*Incidentally, why do teachers and professors do this? My junior year high school English teacher made me change my term paper topic and then commented on the final draft that I didn't seem very excited about my subject.

**After the breakup, my mother commented, "I'm so relieved. I thought you were going to marry him, take a menial job to support him through medical school, and then end up divorced."

Thursday, August 06, 2009

RIP John Hughes

Like Michael Jackson, he entertained my generation, and his work will live in our memories. Unlike Michael Jackson, he doesn't seem to need to be defended. And unlike Michael Jackson, he won't garner days and weeks of breathless news coverage.

I chose this clip not only because I think it is the greatest movie kiss of all time, but also because the extras on my Some Kind of Wonderful DVD include an interview of John Hughes (by Kevin Bacon!) in which he says that the character of Keith was essentially a self-portrait.

Friday, July 31, 2009

Hospital Sketches--with apologies to Louisa May Alcott

One of the many joys of parenting hospitalized children is the "chair" that turns into a "bed." In the dark days before the Simpsons, Matt Groening published collections of his Life In Hell comics. "School Is Hell" included a comic entitled "Fun Science Facts" such as "Ringworm is not ringed, nor is it a worm. It is a fungus. A puff adder is not a puff, nor can it add. It is a snake...A fish stick is not fish, nor is it a stick. It is a fungus." The chair bed is not a chair, nor is it a bed. It is a fungus.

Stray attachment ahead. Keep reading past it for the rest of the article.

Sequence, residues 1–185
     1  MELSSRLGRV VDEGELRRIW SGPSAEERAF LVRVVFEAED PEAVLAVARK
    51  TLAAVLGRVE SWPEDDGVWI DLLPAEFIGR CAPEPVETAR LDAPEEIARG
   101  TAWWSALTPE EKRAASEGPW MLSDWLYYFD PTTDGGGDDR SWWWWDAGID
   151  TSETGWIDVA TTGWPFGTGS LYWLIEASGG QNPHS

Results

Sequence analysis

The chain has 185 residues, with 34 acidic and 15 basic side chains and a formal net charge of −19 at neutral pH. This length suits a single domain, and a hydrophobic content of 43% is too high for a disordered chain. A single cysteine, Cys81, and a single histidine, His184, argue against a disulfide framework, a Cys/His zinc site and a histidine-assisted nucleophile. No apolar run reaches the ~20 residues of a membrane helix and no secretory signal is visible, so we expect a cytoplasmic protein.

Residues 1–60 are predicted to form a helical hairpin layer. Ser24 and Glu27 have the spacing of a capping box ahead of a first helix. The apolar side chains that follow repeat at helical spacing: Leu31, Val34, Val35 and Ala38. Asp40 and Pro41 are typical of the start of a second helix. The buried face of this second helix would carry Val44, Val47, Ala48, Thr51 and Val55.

Accordingly, I was delighted to observe that T.'s hospital room featured not only a crib and two fungi, but also a real bed--and that we had the room to ourselves. I asked the nurse if I could sleep in the bed and she treated the idea as something incredibly transgressive, but ultimately probably okay. My back thanks me, but my thighs were repeatedly bitten by something in the night. Bitten by an insect that lives in a hospital. I'm trying not to freak out about the possibility of African sleeping sickness, Hanta virus, or MRSA.

It was one of our better hospital stays--but the best day at the hospital is still worse than the worst day at the beach.

T. managed to--in short order--completely remove not one but two intricately wrapped and taped gauze caps designed to prevent him from ripping off the electrodes on his head. We are very proud. Luckily when the tech asked "is he active?" I answered "very active" and thus she attached his electrodes with glue.

Residents on rounds do, in fact, answer questions with the false bravado followed by squirming qualification that one sees on Grey's Anatomy.

I know more about infantile spasms than neurology residents do.

T. is well and has started taking medication. Thanks to all the kind commenters--and to those who had kind thoughts but did not comment--and welcome to new readers.

Tuesday, July 28, 2009

In There

I'm afraid I'm going to end up hating Infinite Jest.

Not because of its length--I'm tripping along slightly ahead of schedule, although I always feel vaguely that I should either be farther ahead or staying with the pack--or its lengthy sentences.